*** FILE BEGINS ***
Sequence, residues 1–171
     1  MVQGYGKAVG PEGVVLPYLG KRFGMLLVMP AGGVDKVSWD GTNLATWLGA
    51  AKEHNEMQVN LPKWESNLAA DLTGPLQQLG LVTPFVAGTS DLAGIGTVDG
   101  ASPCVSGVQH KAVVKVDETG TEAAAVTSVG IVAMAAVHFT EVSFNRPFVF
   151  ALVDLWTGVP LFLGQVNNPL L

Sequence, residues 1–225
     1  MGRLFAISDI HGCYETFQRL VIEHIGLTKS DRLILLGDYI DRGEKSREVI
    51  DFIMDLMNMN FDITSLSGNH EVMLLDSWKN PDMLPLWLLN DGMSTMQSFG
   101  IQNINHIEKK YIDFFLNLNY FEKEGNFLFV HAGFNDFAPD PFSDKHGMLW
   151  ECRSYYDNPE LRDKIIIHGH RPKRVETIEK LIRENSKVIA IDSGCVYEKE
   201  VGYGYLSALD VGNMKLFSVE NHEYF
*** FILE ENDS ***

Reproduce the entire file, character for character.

Sequence, residues 1–171
     1  MVQGYGKAVG PEGVVLPYLG KRFGMLLVMP AGGVDKVSWD GTNLATWLGA
    51  AKEHNEMQVN LPKWESNLAA DLTGPLQQLG LVTPFVAGTS DLAGIGTVDG
   101  ASPCVSGVQH KAVVKVDETG TEAAAVTSVG IVAMAAVHFT EVSFNRPFVF
   151  ALVDLWTGVP LFLGQVNNPL L

Sequence, residues 1–225
     1  MGRLFAISDI HGCYETFQRL VIEHIGLTKS DRLILLGDYI DRGEKSREVI
    51  DFIMDLMNMN FDITSLSGNH EVMLLDSWKN PDMLPLWLLN DGMSTMQSFG
   101  IQNINHIEKK YIDFFLNLNY FEKEGNFLFV HAGFNDFAPD PFSDKHGMLW
   151  ECRSYYDNPE LRDKIIIHGH RPKRVETIEK LIRENSKVIA IDSGCVYEKE
   201  VGYGYLSALD VGNMKLFSVE NHEYF